sealPurdue News

November 1999

Book calls class inequalities a problem for 21st century

Source: Perrucci, (765) 494-4714;

WEST LAFAYETTE, Ind. -- Forget the Y2K bug. The real pest of the new millennium will be the new "double diamond" class structure, says a Purdue University sociologist, because it's a system that will make more Americans poor and powerless -- and will keep them that way.

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"Over the past 25 years, the 'American Dream' of rising to the top has taken a severe beating," says Robert Perrucci, professor of sociology. "Downsizing, technological advances and globalization have taken their toll on the working class since the 1970s. Those not already in the upper-privileged class find it very hard to get there."

The "double diamond" that Perrucci refers to is a class structure with the top 20 percent of society enjoying the perks and security that come with access to stable financial and social resources. This group occupies the top diamond. Below it is a much larger diamond, connected by only a narrow opening, which represents the 80 percent of society that is characterized by job instability, limited financial resources and little or no way to move to the top sector.

Traditional views depict American society as a single diamond, with people rising or falling among the ranks according to their own personal achievements.

Perrucci outlines the growing phenomenon of a two-class culture in "The New Class Society" ($21.95) written with Earl Wysong, a professor of sociology at Indiana University, Kokomo. The two coined the phrase "double-diamond" to describe their view of society. The book was published this summer by Rowman & Littlefield Publishers Inc.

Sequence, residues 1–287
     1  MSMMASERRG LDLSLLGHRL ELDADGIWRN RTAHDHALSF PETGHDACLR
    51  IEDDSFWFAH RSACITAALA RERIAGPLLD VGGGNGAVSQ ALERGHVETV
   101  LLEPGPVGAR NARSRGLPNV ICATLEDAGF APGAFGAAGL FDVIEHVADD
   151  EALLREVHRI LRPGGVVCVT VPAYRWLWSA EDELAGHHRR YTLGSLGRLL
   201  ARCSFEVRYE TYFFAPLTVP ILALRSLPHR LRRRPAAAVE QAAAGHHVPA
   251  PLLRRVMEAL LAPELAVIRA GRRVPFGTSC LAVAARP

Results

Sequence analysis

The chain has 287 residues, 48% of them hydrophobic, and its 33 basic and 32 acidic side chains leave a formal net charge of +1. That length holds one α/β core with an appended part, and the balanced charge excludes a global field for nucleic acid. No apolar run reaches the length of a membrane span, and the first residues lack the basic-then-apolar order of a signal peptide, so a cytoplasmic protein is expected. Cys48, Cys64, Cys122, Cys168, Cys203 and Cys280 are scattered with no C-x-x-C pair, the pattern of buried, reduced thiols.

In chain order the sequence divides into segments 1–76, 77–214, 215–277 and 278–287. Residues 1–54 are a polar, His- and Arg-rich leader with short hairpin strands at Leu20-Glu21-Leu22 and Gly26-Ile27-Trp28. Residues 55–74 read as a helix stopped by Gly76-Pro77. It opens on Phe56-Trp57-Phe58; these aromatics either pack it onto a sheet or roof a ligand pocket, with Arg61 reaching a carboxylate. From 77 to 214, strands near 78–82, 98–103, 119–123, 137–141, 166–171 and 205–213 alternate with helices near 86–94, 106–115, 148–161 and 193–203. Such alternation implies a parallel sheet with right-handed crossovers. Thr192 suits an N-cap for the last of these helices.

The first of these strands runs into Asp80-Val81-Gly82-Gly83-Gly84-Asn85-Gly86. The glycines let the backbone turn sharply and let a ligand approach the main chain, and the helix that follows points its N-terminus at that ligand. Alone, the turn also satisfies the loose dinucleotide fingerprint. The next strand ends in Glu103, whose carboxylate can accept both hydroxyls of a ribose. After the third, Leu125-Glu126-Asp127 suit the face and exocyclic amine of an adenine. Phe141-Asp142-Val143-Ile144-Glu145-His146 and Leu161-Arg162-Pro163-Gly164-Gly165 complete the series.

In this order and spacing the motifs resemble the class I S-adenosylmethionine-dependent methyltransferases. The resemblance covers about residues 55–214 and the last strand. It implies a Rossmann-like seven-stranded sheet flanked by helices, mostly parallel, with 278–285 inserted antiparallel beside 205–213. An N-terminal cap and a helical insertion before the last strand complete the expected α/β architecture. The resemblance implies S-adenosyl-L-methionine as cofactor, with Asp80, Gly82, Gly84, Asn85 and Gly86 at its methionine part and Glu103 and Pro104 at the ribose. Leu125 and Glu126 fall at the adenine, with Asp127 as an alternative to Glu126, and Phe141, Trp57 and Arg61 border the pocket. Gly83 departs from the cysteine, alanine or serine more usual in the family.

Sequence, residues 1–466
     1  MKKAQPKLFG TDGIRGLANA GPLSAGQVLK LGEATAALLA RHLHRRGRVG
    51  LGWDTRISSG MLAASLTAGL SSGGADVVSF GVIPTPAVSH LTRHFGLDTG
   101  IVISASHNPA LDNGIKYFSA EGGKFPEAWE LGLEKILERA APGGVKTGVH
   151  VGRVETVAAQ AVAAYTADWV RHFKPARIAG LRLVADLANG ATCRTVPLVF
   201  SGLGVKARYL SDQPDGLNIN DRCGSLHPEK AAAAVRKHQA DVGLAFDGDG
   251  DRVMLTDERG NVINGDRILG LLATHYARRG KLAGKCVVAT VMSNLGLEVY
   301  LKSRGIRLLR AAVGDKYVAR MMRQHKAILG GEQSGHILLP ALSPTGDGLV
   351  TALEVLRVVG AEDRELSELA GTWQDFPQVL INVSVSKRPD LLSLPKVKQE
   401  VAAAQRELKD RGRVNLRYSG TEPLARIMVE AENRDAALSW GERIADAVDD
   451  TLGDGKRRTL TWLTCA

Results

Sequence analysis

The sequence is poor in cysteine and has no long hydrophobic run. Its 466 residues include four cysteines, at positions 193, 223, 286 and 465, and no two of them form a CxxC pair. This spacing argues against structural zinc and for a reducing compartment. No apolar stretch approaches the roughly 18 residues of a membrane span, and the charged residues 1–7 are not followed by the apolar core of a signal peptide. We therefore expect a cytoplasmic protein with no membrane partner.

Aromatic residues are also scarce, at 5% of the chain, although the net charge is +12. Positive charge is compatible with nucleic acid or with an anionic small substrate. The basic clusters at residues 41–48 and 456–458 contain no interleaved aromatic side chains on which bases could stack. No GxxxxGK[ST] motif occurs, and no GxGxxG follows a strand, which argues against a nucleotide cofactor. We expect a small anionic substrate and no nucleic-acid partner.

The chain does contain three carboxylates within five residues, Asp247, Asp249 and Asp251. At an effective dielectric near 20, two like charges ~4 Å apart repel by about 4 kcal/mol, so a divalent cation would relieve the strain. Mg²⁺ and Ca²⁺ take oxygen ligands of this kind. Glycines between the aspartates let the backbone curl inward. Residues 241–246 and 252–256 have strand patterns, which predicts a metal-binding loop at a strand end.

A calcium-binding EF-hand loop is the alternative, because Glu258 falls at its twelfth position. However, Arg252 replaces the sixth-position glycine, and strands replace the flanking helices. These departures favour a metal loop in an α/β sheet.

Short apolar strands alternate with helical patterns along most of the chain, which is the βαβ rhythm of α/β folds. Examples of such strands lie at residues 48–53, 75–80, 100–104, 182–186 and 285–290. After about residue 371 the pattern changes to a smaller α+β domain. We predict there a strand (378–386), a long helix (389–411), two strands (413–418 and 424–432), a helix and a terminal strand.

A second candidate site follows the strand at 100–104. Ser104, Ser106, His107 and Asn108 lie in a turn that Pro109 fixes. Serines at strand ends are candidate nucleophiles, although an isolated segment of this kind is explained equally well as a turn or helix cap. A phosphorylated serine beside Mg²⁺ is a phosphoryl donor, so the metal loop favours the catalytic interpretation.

Perrucci says class position is determined largely by access to four critical kinds of "capital":

  • Consumption capital -- money to spend.

  • Investment capital -- money to put away for future needs.

  • Credentialed skill capital -- access to elite universities and high-paying jobs.

  • Social capital -- networking with and having the support of others in privileged positions.

    "The resources of those in the top diamond are used to maintain and legitimize the new class system," Perrucci says. "That's because they control the economy, politics and culture."

    Many persons in the lower diamond live comfortably but precariously, he says, because they lack one or more of the assets needed to secure their stability. Perrucci points out that many Americans are just one paycheck away from poverty.

    He suggests that the "American Dream" may vanish in the 21st century unless something is done to bring back a balance in class power. "Unless opposition arises to this social structure through political or other means, class inequality will increase," he says.

    Compiled by Beth Forbes, (765) 494-9723; home: (765) 497-7109;

    Purdue News Service: (765) 494-2096;

    NOTE TO JOURNALISTS: For review copies of the book "The New Class Society", contact Rowman & Littlefield Publishers Inc. at (800) 462-6420.


    Purdue sociologist Robert Perrucci and co-author Earl Wysong created the concept of a "double diamond" to describe America's class inequality in their new book "The New Class Society." Perrucci says the privileged few are at the top in their own diamond, and the rest of society fits in a much larger diamond below with little chance of climbing to the top.

    Electronic transmission and Web and ftp download available of black-and-white graphic. Graphic ID: Perrucci.class

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